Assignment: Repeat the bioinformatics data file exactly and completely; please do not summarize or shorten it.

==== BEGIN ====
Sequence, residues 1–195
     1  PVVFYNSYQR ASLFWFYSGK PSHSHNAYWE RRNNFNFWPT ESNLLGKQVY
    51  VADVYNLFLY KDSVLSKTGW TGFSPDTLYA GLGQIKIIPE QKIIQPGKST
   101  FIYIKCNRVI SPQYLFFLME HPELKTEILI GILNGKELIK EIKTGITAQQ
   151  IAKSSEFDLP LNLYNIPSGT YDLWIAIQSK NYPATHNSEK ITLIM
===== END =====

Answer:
Sequence, residues 1–195
     1  PVVFYNSYQR ASLFWFYSGK PSHSHNAYWE RRNNFNFWPT ESNLLGKQVY
    51  VADVYNLFLY KDSVLSKTGW TGFSPDTLYA GLGQIKIIPE QKIIQPGKST
   101  FIYIKCNRVI SPQYLFFLME HPELKTEILI GILNGKELIK EIKTGITAQQ
   151  IAKSSEFDLP LNLYNIPSGT YDLWIAIQSK NYPATHNSEK ITLIM